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5

With GNU find: find . -name foo.mp4 -printf '%h\n' With other finds, provided directory names don't contain newline characters: find . -name foo.mp4 | sed 's|/[^/]*$||' Or: find . -name foo.mp4 -exec dirname {} \; though that means running one dirname command per file. If you need to run a command on that path, you can do (standard syntax): ...


4

You may convert the time returned by stat or perl to the format you want with the command date (assuming you have GNU coreutils installed): # Convert UNIX time returned by perl to year+month+day $ date -d @$(perl -le 'print((stat shift)[9])' FILENAME) +%Y%m%d 20130703 # Convert formatted time returned by GNU stat to year+month+day $ date -d "$(stat -c %y ...


2

In Vim 7.3, the combined relativenumber-number setting you describe is not supported. See :help relativenumber, which states that: When setting this option, 'number' is reset. Vim 7.4 supports using both together, and the same section says that: The number in front of the cursor line also depends on the value of 'number', see number_relativenumber ...


2

Shell variables are set using the syntax name=value. There must not be any [unquoted] whitespace characters in the declaration. path1="./src/$1" path2="./Main/$1" # ^ remove space here The space in your usage was invoking the other usage of name=value, i.e. temporarily setting environment variables for a single program invocation. For ...


2

In the case where ping is outputting to a shell pipeline, the different behavior is explained by buffering. ping calls fflush() after reporting each successfully received echo packet, so those lines are sent immediately to cat, which outputs them without delay. ping does not call fflush() after writing out the lines that report timed out packets, so stdio ...


2

Consider this thought experiment: if ps ran to completion before invoking grep as you think it should, that would mean that the shell would need to: Invoke ps. Buffer all of its output (because it has nowhere else to go yet). Invoke grep. Feed the saved output to grep's stdin. This is wasteful; it's a more efficient use of memory to invoke grep first, ...


2

If you dd'd it to your actual drive's partition, then what you're seeing on the bootloader is simply an entry for an OS that doesn't exist anymore. dd, unfortunately, does not change or replace anything except the data. It's a low level copy/replace utility with tons of features. In Mac OS X the drives are denoted as /dev/diskX where X is an integer. The ...


2

OK, you have a couple of options: The option I like best is to rename your ~/.bash_profile with AppleScript: do shell script "mv /Users/YOURLOGINNAME/.bash_profile /Users/YOURLOGINNAME/x" You could also configure Terminal to drop you straight into a root shell, so it won't ask you for the password again after the first time. In Terminal, go to ...


2

Is there any way to undo either of these two commands or to somehow access or unlock my terminal? Reboot into single-user mode: while the screen is still black as it first boots up, hold down ⌘-S. You can let go once the "Apple" screen appears. You will land in an unrestricted root shell, where you can fix things.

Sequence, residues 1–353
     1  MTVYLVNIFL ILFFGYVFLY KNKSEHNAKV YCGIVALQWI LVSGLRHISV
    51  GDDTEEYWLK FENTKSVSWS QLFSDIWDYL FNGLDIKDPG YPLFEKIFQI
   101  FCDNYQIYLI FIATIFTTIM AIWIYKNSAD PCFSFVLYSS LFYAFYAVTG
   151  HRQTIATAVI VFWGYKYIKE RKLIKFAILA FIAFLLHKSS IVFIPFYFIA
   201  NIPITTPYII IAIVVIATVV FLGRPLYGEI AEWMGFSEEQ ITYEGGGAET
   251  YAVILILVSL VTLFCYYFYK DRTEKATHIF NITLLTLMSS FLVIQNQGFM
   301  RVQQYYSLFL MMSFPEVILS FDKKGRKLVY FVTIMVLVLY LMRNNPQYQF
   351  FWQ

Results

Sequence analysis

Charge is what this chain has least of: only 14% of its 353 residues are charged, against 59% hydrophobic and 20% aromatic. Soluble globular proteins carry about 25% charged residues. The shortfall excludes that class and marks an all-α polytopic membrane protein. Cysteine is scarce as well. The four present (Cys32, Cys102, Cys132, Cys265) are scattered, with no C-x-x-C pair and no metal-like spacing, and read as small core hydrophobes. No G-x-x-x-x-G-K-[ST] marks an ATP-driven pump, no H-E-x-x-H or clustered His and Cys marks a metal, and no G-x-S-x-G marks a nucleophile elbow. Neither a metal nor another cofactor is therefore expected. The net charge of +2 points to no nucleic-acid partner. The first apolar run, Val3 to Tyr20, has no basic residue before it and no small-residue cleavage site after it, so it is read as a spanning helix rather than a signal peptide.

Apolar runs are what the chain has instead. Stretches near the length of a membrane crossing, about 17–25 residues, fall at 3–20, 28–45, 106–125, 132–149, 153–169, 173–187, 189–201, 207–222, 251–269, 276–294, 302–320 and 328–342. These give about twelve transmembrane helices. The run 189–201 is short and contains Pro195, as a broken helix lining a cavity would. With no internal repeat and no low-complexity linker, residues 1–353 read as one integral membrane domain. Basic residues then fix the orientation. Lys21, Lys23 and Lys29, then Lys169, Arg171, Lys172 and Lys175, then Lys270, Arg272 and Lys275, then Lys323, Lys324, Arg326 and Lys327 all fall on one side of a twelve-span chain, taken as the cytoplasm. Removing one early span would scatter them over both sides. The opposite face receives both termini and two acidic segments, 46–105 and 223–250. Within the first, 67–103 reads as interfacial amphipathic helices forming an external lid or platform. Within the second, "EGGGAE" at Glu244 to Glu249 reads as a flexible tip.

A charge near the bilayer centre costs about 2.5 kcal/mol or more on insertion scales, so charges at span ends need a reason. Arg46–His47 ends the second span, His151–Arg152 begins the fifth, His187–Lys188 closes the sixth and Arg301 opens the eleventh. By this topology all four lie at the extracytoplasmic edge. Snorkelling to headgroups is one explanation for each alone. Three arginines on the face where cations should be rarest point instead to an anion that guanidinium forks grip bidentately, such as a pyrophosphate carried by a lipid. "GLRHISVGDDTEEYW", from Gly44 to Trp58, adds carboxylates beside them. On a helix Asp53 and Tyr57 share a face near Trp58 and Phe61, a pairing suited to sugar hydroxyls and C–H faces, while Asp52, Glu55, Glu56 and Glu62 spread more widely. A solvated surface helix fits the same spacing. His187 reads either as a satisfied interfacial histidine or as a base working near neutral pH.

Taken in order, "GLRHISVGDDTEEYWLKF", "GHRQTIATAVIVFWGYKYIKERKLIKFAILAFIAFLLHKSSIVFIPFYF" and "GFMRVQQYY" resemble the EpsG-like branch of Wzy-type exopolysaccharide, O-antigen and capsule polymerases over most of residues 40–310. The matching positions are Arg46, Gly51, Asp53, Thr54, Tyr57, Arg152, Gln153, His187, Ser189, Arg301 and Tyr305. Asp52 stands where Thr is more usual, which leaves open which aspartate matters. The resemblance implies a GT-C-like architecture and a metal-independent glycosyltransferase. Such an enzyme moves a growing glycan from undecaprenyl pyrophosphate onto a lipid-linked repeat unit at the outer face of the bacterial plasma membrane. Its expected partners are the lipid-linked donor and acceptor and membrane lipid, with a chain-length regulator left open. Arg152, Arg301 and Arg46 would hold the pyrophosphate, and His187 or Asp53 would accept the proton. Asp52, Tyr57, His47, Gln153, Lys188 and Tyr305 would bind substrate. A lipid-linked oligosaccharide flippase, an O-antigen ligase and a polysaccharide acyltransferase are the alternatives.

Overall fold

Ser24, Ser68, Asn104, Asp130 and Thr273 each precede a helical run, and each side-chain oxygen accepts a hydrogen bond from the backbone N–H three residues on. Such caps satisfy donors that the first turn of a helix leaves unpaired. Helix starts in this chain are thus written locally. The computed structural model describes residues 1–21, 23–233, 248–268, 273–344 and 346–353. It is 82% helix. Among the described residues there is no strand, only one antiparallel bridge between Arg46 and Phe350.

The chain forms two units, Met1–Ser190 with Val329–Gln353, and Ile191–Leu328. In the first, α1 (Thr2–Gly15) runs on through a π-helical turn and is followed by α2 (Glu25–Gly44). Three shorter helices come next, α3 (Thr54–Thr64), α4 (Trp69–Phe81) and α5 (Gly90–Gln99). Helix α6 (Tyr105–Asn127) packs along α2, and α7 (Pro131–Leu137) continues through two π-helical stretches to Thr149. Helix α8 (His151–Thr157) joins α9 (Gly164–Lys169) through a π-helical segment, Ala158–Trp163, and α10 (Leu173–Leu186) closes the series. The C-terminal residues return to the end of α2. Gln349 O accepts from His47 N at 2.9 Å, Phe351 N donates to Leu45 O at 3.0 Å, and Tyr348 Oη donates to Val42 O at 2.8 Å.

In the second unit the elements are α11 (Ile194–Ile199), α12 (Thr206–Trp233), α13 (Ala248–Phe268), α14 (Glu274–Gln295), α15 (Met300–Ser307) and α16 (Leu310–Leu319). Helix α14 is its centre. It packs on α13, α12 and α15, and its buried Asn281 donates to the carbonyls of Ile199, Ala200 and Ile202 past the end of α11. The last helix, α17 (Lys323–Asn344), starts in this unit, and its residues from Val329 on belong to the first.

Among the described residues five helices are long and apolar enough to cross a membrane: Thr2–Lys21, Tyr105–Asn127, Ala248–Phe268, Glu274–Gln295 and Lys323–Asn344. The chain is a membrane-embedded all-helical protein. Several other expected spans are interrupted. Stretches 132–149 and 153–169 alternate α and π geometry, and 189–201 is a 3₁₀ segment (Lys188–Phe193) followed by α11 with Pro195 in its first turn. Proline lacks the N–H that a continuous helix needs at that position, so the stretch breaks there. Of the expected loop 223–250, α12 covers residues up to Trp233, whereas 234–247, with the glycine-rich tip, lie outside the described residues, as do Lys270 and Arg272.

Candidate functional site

2

Well, you probably have mail. ;) It talks about your local inbox. Use mail or mutt or from to see your local mails. I'm not sure what mail client is installed per default on OSX, but I would expect to find mail on pretty much any unix system. OSX, at the end, is just another unix and unix is designed to be a multi-user system, i.e. multiple different ...


2

stat -f %m -t %Y%m%d%H%M.%S myfile This prints the timestamp in the format required for touch -t. Beware that the timestamp is expressed in the local timezone, which could be awkward to port files between timezones or for timestamps during the repeated hour of the summer-to-winter switch in timezones with DST. To avoid timezone trouble, use the UTC ...


1

These strange escape sequences are color-changing commands. The completion code runs the following command to list available commands: git help -a|egrep '^ [a-zA-Z0-9]' The output of git help -a looks like this: add grep remote add--interactive hash-object remote-ext am ...


1

If you don't need the older version of git in /usr/bin/git, the quickest and easiest thing to do is to rename the old binary in /usr/bin/git to something like git.v1.9.3 and symlink the new version. First rename: mv /usr/bin/git /usr/bin/git.v1.9.3 Next symlink new: ln -s /usr/local/git /usr/bin/git Now check the binary: git --version


1

Don't try to build a shell script from a list of files, it's hard to get right and almost always a lot harder than directly executing whatever you need to execute. Instead, when you have the file name available, go ahead and rename it. #!/bin/sh number=1 while IFS= read -r old_name; do new_name=$(printf %04d "$number").jpeg number=$((number+1)) mv -- ...


1

The problem is, that while the url would suggest it is a CSV, it really is not - the share volumes that contain commas are not properly quoted. That said you'll need to employ additional knowledge. In this case, try changing the format of the output from: http://download.finance.yahoo.com/d/quotes.csv?s=avxl,goog,aapl&f=snl1c6j2s6f6 producing: ...


1

You can't modify the existing installation as non-root. But you can install a CPAN module in your home directory (or wherever you have write access) and then load that module preferentially (in most cases. It is possible for there to be conflicts between modules, but you're probably okay here). There are instructions for doing this via the cpan tool in ...



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